Nogales, Sonora, rumbles with noise and motion near the international border. Buses, cars and pedestrians kick up dust on the streets. Shop owners display their goods on bustling sidewalks. Restaurants post the daily specials. Taxis load passengers and zoom off into the city. The occasional police truck weaves through the traffic, and a few bicycle cops in neon vests congregate on the roadside. At the international port of entry, people and cars are backed up, sometimes for hours, waiting to be assessed by U.S. Customs and Border Protection agents.
On the other side of the 20-foot steel border fence, sister city Nogales, Ariz., seems sleepy and still by comparison. In this 20,000-person town, border security is ever-present. Green and white Border Patrol vehicles frequently crawl along quiet neighborhood streets; agents on bicycles pedal past storefronts; stadium lights powered by growling generators blaze from sundown to sunrise; and surveillance towers stand high above the border fence, monitoring people on both sides.
Security in Ambos Nogales has not always looked this way.
For much of our history as neighbors, people and goods have crossed the U.S.-Mexico border with few impediments. The communities of Ambos Nogales have long co-existed with histories, economies and families overlapping across the border, or frontera.
Despite the interconnections, barriers between the two countries have steadily increased since the 1920s. And by the 1990s, a dramatic upswing in U.S. immigration legislation led to intensified border militarization—in both boots-on-the-ground and the border wall.
In a post-9/11 era, supporters of the wall say it provides security, limits drug trafficking and deters migrants from crossing into the U.S.
Others see the wall as an ineffective way to address human and drug trafficking and perceive growing militarization as an unwelcome sign to our neighbors, which negatively affects the lives of people in this cross-national community.
History of Ambos Nogales
People have been crossing this land for centuries, according to Teresa Leal, director and curator of the Pimería Alta Historical Society in Nogales, Ariz., and a longtime resident of Ambos Nogales. A descendent of the Opata, Leal's ancestors and other Sonoran indigenous have been in this land for time immemorial.
"They did not have a fence," she said. "For 7,000 years my family went back and forth in this land."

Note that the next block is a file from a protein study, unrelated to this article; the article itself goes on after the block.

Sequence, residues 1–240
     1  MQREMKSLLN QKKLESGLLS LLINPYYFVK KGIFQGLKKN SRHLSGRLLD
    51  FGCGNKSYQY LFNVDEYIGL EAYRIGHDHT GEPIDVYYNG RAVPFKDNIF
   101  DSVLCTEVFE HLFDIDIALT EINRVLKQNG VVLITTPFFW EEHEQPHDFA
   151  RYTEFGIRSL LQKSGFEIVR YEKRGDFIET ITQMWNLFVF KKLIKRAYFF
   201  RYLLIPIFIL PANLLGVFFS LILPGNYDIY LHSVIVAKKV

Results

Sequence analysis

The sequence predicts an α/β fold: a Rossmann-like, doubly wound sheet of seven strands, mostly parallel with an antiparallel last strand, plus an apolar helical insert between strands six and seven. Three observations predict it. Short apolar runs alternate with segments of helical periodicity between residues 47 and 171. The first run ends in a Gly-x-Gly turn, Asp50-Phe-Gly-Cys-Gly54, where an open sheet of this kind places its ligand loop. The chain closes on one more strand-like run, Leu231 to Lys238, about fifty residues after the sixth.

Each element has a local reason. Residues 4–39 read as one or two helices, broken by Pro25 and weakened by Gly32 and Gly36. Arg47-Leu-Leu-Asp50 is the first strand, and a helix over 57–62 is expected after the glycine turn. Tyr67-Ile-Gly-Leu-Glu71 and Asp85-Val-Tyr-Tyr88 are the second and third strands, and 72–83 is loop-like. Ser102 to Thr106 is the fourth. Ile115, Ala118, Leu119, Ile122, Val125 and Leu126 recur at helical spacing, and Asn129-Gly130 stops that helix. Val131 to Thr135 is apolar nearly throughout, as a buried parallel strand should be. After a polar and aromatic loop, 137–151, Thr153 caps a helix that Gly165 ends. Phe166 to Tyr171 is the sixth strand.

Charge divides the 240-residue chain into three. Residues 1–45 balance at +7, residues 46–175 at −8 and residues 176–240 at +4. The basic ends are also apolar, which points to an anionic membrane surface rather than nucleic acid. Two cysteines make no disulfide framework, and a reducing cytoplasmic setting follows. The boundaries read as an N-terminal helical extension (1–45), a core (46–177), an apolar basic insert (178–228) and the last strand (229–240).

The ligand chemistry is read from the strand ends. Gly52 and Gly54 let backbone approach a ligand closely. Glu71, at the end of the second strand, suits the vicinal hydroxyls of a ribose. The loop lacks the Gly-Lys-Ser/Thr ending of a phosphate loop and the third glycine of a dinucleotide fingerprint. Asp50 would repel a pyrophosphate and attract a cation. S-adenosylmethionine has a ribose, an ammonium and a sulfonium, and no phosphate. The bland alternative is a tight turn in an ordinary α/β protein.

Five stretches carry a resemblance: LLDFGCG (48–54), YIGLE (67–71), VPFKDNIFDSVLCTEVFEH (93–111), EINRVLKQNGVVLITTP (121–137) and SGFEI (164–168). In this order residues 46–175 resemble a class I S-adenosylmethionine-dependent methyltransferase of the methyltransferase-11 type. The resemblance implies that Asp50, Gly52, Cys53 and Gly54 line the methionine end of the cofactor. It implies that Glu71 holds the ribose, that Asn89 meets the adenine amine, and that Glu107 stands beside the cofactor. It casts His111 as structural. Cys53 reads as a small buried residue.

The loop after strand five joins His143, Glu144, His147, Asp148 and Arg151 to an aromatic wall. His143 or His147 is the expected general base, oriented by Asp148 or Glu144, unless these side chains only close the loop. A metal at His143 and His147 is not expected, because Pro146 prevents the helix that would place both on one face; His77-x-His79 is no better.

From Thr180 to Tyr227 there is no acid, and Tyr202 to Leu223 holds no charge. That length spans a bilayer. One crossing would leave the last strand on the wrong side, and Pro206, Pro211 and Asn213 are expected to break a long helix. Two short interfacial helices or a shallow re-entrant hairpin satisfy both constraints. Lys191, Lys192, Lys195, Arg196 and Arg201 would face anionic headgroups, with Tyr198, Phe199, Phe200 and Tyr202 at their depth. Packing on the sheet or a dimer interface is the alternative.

Later, this region would be claimed as part of New Spain, then Mexico in 1821. When it was settled by the Elías family in a Mexican land grant in the 1840s, it was named Los Nogales after the Spanish word for the walnut trees that once grew abundantly in the area.
The Treaty of Guadalupe Hidalgo in 1848 and the Gadsden Purchase in 1854 split the land between the U.S. and Mexico and defined the current border between the two countries. But the sister cities of Ambos Nogales grew and developed on both sides of the border, demarcated for decades only by Boundary Monument 122, a small cement pillar on International Street, according to Fred and Harriet Rochlin in their 1976 article, "The Heart of Ambos Nogales."
Growing a Border
Despite nearly non-existent border security along the U.S.-Mexico border at the time, the United States did pass legislation targeting immigration in the late 19th and early 20th centuries, including the Chinese Exclusion Act of 1882 and the 1917 immigration act, which particularly targeted Asian migrants.
In 1924, Congress passed a law placing annual quotas on the number immigrants from Europe, "which made a large portion of the world's people officially unwelcome in the United States," according to historian Timothy J. Henderson. The 1924 law also established the U.S. Border Patrol, a force made up of about 450 agents, and infrastructure along the border in Ambos Nogales slowly began to increase.
The U.S. Immigration and Naturalization Service launched "Operation Wetback" in 1954, giving Border Patrol agents the authority to launch a mass deportation effort. The INS reported that an estimated one-million undocumented Mexicans were detained and deported that year. Like previous mass deportation efforts, "Operation Wetback" occurred during an economic downturn.